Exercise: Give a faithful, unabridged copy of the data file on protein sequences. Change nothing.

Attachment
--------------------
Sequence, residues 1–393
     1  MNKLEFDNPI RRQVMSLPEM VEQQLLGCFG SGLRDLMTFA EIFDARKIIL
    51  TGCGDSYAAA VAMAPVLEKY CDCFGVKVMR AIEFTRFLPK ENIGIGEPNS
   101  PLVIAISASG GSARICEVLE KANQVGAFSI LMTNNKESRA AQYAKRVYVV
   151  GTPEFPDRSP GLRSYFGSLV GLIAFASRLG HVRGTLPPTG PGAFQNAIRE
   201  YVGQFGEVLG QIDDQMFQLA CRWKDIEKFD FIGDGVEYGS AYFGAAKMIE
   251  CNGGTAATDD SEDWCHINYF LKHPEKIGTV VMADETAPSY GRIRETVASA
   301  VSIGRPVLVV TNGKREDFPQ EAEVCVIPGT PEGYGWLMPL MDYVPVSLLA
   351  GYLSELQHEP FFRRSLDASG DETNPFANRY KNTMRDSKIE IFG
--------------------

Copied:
Sequence, residues 1–393
     1  MNKLEFDNPI RRQVMSLPEM VEQQLLGCFG SGLRDLMTFA EIFDARKIIL
    51  TGCGDSYAAA VAMAPVLEKY CDCFGVKVMR AIEFTRFLPK ENIGIGEPNS
   101  PLVIAISASG GSARICEVLE KANQVGAFSI LMTNNKESRA AQYAKRVYVV
   151  GTPEFPDRSP GLRSYFGSLV GLIAFASRLG HVRGTLPPTG PGAFQNAIRE
   201  YVGQFGEVLG QIDDQMFQLA CRWKDIEKFD FIGDGVEYGS AYFGAAKMIE
   251  CNGGTAATDD SEDWCHINYF LKHPEKIGTV VMADETAPSY GRIRETVASA
   301  VSIGRPVLVV TNGKREDFPQ EAEVCVIPGT PEGYGWLMPL MDYVPVSLLA
   351  GYLSELQHEP FFRRSLDASG DETNPFANRY KNTMRDSKIE IFG